In nature’s embrace

Meandering through lush forests and tapering mountains ranges, the Suoi Ngoc (Pearl Stream) in Hanoi’s Thach That District invites visitors to lose themselves in the natural splendor of its environs.

From the heart of the capital city, we headed south along the Thang Long Boulevard for around 40 kilometers to reach the 300-hectare Suoi Ngoc – Vua Ba Tourism Park.

Small stilt houses stood at the bottom of the mountains like mushrooms that spring up after a fresh rain. The Suoi Ngoc navigated rocks of various sizes before cascading into a grandiose nine-layer waterfall and smashing into white foam and mist below.

Legend has it that Hai Ba Trung (Trung Sisters) chose the river and surrounding mountains as a military base in their fight against Chinese invaders in 40 AD. The heroines won the battle and the older sister, Trung Trac, established herself as the ruler of an independent state.

Commemorating the heroine, people have named the former military base Suoi Ngoc – Vua Ba (Pearl Stream – Lady King).

We sat on large rocks along the river and closed our eyes, listening to it murmur. There was a feeling that we’d gotten rid of all the worries we were entangled in as we lived our busy lives in downtown Hanoi.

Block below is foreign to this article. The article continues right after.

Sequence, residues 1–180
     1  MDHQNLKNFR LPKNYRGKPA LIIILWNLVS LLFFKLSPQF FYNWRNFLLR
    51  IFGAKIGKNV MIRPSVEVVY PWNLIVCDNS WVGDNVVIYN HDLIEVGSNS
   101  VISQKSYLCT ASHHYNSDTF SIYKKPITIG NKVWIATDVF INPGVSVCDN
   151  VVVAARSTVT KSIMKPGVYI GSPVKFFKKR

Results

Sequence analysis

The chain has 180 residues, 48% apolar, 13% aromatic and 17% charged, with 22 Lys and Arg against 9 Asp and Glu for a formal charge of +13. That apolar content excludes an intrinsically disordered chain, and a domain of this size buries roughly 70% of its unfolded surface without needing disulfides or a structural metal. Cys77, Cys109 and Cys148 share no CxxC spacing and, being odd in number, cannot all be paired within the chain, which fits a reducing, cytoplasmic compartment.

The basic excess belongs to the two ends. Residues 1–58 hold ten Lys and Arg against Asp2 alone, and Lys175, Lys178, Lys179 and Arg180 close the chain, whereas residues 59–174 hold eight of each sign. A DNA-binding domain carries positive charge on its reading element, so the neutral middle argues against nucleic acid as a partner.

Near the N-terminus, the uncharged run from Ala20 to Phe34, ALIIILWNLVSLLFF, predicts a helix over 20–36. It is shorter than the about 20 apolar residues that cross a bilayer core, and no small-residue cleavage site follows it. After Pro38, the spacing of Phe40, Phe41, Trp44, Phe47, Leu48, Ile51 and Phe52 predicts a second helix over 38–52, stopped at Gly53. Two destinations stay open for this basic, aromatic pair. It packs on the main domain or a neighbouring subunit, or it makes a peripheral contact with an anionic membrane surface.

To make this feeling complete, we bathed in the clear waters at the bottom of the 100-meter high waterfall.

Further down a tributary of the river, tamed horses stood nibbling grass with an air of contentment. They were not saddled, but we were told that they are very gentle and that tourists could ride them around the park.

We walked into the forest. Wild flowers of different kinds line the path on either side. The path was covered with fallen leaves and shadowed by the canopy of tall trees.

In the forest we saw a banyan tree whose trunk was so large that it took seven people hand-inhand to surround it. We rested there for a while, relishing the peaceful atmosphere as well as the xoi (sticky rice) that we’d brought along from Hanoi. The river, wind and birds kept up their soothing melodies.

Next, we climbed up the Vua Ba Mountain, more than 1,000 meters high. From the top, the scenery was breathtakingly beautiful. At the temple dedicated to Hai Ba Trung on the mountain top, we burnt incense to commemorate the heroines for the glorious chapter they wrote in the nation’s history.

After climbing down the mountain, we tried our hand at many folk games including archery and walking on stilts. For those looking for more adventure, there is a water park with 18 water spouts, we were told.

After a thoroughly satisfying day, we relaxed in the stilt houses, and enjoyed local specialties including forest bamboo sprouts, ‘wild’ chicken and drank a little wine. Lulled by the cool weather of the mountains, we fell asleep soon after.

Reported by Tien Thanh

The lower stream of the Suoi Ngoc. Visitors can refresh themselves, bathing in its clear waters.

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